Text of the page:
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"America has two great dominant strands of political thought - conservatism, which, at its very best, draws lines that should not be crossed; and progressivism, which, at its very best, breaks down barriers that should never have been erected." -- Bill Clinton, Dedication of the Clinton Presidential Library, November 2004

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Saturday, January 03, 2004

 

The Issue: Ending Terrorism

posted by Dana at Saturday, January 03, 2004 permalink View blog reactions
Every time support for this Administration flags, they terrorize us again.

Is the economy faltering? Is their extremism showing? Are people starting to ask questions about their lost civil rights? About who leaked the name of Victoria Plame? About how many soldiers have fallen in Iraq, how many are still falling, even after Saddam?

The answer is always the same. Raise the terror alert level. Scare the hell out of us. That will put us in line again. We’ll sacrifice more rights again. Turn the Times Square ball drop from a public to a private celebration, complete with identical orange hats for those who go through the metal detectors. (Maybe that’s why the alert went up, to match the hats.)

Don’t you see the game they are playing? It’s the same game played by oligarchs throughout history. This was the game America was founded to end. “Those who would exchange security for liberty deserve neither.” This is the conservative gospel. Where has it gone?

Personally I’m sick of being terrorized. I’m sick of being scared. I’m sick of being manipulated.

I want to hope again. I want to dream again. I want to take the best of America to the Middle East, and choke off Osama’s air supply, the new recruits who come to Al Qaeda appalled by our troops’ adoption of Israeli tactics, ready to die because they feel liberation has become occupation. I want to send however many people we need into Afghanistan, into every spider hole and mountainside, until we pull Bin Laden out, with or without his donkey and dialysis machine, and rip up the infrastructure that supports him, root-and-branch.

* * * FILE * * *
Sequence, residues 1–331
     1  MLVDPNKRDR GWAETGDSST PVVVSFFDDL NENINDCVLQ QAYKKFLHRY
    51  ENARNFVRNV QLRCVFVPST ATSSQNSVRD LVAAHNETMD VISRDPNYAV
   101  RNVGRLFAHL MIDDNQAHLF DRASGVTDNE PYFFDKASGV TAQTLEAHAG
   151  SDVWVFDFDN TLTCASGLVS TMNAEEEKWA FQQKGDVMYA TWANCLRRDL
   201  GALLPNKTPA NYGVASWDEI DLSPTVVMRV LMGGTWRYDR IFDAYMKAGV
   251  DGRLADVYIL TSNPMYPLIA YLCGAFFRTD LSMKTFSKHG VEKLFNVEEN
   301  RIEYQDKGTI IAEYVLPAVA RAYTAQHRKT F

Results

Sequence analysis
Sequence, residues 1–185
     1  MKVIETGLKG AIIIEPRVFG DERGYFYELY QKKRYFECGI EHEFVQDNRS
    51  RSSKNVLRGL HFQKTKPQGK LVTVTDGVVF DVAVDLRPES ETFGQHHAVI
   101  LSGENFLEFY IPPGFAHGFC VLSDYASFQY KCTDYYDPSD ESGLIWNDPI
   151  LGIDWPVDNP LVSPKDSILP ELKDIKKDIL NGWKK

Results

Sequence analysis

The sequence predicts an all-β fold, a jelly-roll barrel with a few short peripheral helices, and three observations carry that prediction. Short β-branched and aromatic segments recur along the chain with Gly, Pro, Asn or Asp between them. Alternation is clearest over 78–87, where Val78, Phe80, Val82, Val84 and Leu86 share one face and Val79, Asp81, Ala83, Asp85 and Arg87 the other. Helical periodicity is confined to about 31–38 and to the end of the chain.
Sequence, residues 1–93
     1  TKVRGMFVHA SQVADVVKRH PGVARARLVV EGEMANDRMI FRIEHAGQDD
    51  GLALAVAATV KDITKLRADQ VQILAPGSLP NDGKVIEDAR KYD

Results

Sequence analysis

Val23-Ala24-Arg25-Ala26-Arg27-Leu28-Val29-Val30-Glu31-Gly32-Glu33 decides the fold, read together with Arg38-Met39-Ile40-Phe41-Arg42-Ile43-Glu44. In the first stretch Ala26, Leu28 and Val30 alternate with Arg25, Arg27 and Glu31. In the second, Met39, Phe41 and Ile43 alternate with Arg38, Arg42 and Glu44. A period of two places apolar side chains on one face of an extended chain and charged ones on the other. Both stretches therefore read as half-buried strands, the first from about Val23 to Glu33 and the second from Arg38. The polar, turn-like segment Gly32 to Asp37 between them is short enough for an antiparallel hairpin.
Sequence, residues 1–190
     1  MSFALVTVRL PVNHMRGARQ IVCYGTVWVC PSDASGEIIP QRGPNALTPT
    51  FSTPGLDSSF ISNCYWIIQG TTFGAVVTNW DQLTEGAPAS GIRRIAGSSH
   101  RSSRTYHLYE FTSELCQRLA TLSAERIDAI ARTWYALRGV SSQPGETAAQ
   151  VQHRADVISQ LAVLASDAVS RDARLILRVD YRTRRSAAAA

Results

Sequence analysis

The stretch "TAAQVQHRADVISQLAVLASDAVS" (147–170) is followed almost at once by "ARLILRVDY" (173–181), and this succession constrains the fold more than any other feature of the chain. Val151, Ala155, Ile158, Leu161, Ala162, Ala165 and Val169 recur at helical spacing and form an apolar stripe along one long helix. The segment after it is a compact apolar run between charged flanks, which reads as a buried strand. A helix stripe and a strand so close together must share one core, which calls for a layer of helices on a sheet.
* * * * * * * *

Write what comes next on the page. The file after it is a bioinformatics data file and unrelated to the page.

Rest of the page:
Are we safer now than we were two years ago? I don’t feel any safer. Do you feel safer? Then why, America, are you letting this Administration continue to scare you, and frighten you away from any creative alternative? Was Saddam Hussein worth the 476 lives, the 11,000 wounded? Has the fighting stopped since he was pulled out?

In the end you fight the War on Terror like the War on Drugs. Getting Manuel Noriega didn’t win the War on Drugs. You fight the War on Drugs by convincing people that even free cocaine is a bad deal. Getting Saddam Hussein didn’t win the War on Terror. You fight that war by convincing poor Muslims that there’s a better way to heaven other than blowing themselves up.

Howard Dean is fighting that war. He’s fighting it by standing up for American principles, by speaking out for American idealism, American hope and American opportunity.

Howard Dean is out there, right now, fighting the fear for us, every day. We have nothing to fear but fear itself, and it’s time we threw it over, orange alerts and all.

You stop terror by ceasing to be terrorized. You fight fear with hope, not more fear. That’s why we need President Dean. He knows how to win this war. The other side has only shown us how to lose it.


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Nation-Building was founded by Aziz Poonawalla in August 2002 under the name Dean Nation. Dean Nation was the very first weblog devoted to a presidential candidate, Howard Dean, and became the vanguard of the Dean netroot phenomenon, raising over $40,000 for the Dean campaign, pioneering the use of Meetup, and enjoying the attention of the campaign itself, with Joe Trippi a regular reader (and sometime commentor). Howard Dean himself even left a comment once. Dean Nation was a group weblog effort and counts among its alumni many of the progressive blogsphere's leading talent including Jerome Armstrong, Matthew Yglesias, and Ezra Klein. After the election in 2004, the blog refocused onto the theme of "purple politics", formally changing its name to Nation-Building in June 2006. The primary focus of the blog is on articulating purple-state policy at home and pragmatic liberal interventionism abroad.